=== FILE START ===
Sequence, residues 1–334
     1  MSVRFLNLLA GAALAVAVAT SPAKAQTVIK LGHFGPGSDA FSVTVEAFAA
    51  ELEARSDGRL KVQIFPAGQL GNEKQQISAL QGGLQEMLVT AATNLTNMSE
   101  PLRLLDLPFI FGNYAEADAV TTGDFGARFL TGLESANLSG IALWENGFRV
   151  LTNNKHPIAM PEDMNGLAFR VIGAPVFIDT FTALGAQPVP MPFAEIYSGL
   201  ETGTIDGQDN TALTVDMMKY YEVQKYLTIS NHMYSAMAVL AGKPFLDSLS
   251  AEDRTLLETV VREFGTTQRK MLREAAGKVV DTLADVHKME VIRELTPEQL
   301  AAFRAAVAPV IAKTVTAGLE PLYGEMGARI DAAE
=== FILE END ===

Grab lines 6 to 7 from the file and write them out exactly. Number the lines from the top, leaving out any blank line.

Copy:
   201  ETGTIDGQDN TALTVDMMKY YEVQKYLTIS NHMYSAMAVL AGKPFLDSLS
   251  AEDRTLLETV VREFGTTQRK MLREAAGKVV DTLADVHKME VIRELTPEQL